Parkinson’s causes a host of troubling, difficult, and downright awful symptoms that worsen over time. Living well with Parkinson’s is dependent on a variety of factors. As the disease inevitably progresses some People with Parkinson’s (PwP) choose to live with a purpose. When five relative strangers from all over the country convened in Oaxaca Mexico this past week it was only made possible because of their strong common purpose to help PwP there. When Gavin Mogan, Nathan Lee Ward, Russel Parker, Laura Olmos, and Eric Slominski (me) met in Oaxaca this past week, it was proof that wonderful and surprising things can happen when one decides to stop worrying and start living…with a purpose.
While the rugged terrain surrounding Oaxaca has helped to preserve the cultural heritage of the area, it seems that the isolation has also tended to slow the latest treatments from reaching Parkinson’s sufferers in the city. When we visited a local Parkinson’s support organization to offer assistance people living with Parkinson’s disease, I think we were all a little surprised, and a lot energized by how they brought so much liveliness to the small establishment near the city center the small group uses as it’s meeting place. The founder of the Parkinson’s support center Sandra Bartolano, who herself suffers from Parkinson’s has done an amazing job of creating a refuge where Parkinson’s sufferers can gain knowledge on how to live better with Parkinson’s all while enjoying the benefits of mingling with fellow PwP. The programs that Sandra’s center provides include interacting with key Neurologists and other doctors in the area, as well as plenty of intermittent uplifting music and dance throughout . During our short stay there we were able to offer group and individual sessions on techniques for improving basic movements. Their outpouring of gratitude for our presence was powerfully energizing for our everyone in our group.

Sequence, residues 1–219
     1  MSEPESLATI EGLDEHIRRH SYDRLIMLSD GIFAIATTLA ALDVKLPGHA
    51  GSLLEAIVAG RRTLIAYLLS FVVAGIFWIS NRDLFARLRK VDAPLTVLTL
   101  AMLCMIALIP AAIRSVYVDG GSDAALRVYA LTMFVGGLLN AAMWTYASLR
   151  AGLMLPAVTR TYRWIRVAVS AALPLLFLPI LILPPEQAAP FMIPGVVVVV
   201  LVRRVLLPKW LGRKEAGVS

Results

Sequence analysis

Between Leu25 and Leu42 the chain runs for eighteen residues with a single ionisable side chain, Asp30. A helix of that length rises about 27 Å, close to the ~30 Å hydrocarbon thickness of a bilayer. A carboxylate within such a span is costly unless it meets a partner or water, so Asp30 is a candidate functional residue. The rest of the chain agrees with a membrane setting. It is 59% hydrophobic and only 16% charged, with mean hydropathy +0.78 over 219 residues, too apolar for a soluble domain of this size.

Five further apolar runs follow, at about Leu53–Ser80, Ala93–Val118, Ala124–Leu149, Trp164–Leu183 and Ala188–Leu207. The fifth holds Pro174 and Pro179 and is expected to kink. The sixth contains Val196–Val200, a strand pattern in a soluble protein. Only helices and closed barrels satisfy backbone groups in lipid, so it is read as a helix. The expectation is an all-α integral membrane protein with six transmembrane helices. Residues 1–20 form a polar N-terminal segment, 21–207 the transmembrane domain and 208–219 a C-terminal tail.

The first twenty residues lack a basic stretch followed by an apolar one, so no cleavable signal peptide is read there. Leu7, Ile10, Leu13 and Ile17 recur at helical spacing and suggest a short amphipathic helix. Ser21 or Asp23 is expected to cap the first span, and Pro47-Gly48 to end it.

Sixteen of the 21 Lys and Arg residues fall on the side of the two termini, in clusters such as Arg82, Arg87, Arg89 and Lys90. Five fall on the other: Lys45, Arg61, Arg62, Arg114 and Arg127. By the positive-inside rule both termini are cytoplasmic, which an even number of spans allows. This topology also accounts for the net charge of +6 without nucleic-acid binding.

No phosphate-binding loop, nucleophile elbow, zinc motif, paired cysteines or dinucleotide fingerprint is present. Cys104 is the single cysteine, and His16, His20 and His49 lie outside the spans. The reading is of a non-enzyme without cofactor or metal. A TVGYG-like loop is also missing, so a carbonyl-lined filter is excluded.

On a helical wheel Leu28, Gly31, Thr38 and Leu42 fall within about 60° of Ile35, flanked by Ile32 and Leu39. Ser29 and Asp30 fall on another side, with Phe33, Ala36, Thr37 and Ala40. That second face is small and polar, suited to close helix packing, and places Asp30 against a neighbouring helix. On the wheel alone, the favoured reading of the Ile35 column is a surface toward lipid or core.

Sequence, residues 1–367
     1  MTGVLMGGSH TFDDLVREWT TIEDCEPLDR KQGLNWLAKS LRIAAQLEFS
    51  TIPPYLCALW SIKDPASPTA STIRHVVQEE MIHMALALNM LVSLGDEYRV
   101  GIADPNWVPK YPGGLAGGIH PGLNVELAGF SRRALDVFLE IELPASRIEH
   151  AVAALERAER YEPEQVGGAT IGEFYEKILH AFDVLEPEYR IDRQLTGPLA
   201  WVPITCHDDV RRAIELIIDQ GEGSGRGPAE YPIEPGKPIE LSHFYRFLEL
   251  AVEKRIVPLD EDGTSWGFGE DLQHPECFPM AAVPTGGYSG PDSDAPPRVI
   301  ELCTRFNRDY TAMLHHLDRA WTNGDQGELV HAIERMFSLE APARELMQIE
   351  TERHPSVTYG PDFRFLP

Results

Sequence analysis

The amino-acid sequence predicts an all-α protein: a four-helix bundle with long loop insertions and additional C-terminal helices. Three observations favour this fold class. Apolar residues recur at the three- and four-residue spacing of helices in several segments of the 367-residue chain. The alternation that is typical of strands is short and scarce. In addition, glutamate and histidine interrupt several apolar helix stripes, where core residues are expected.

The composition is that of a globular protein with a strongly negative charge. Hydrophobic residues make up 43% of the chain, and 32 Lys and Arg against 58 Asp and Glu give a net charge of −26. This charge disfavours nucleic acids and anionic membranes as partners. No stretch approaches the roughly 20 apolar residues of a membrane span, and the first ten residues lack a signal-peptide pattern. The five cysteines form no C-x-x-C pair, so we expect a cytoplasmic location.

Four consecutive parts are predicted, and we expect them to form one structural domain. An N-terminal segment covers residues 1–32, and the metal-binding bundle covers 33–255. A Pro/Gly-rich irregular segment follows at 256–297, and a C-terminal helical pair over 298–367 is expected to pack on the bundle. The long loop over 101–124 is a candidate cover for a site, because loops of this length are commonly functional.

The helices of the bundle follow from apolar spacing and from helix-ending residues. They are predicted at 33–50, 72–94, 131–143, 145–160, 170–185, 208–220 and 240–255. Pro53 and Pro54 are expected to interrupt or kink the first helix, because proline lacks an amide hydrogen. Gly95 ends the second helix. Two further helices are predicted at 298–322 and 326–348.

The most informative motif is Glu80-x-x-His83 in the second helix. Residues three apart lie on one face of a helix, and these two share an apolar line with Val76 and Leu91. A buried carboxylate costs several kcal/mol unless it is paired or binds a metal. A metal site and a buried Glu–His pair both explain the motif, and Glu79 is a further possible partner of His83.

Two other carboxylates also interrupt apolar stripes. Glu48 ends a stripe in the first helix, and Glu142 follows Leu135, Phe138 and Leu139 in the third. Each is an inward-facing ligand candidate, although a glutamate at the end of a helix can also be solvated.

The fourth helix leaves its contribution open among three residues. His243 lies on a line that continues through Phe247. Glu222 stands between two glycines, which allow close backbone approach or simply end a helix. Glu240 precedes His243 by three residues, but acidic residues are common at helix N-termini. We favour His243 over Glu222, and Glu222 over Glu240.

The experience we had there was at least if not more beneficial for us than it was for them. Among the many things I learned this past week are the following two takeaways…Slow down and…Move more
Slow down – On our first morning of attending the programs put on by our hosts, I found myself constantly wondering when the programs were just going to get started all ready. The schedule built in a lot of time for music and dancing, with ample time for lunch and just hanging around. In fact, it seemed that the culture there was just less rushed and seemed less stressed overall. Unlike in any city in America, hold-ups in traffic due to pedestrian crossings or other blockages were usually met with polite waiting, instead of a cacophony of horns blowing. By the end of the week, I felt calmer and less stressed in part due to living less rushed and thus less stressed. Since less stress directly correlates to better symptom control by PwP, I knew I would soon miss that slower pace of life when I left Oaxaca.
Move more – It always kills me to say this…it just feels weird. But it’s so true, nonetheless. I forget how to walk if I don’t walk enough. Parkinson’s sucks like that. I’ve been so busy in my personal life that I just haven’t really had time to walk anywhere. I rush all over the place in the car because I either just don’t have time to walk or it’s just impossible to do so. When I finally do get a chance to walk I struggle terribly. This past week I was forced to walk…a lot. The city is just made that way. The first couple of days I had a really hard time. But by the end of the week I was moving along walking great. Speaking of moving more, music and dancing is a big part of the culture to the people in Oaxaca. Guess what? Dancing is great for people with Parkinson’s.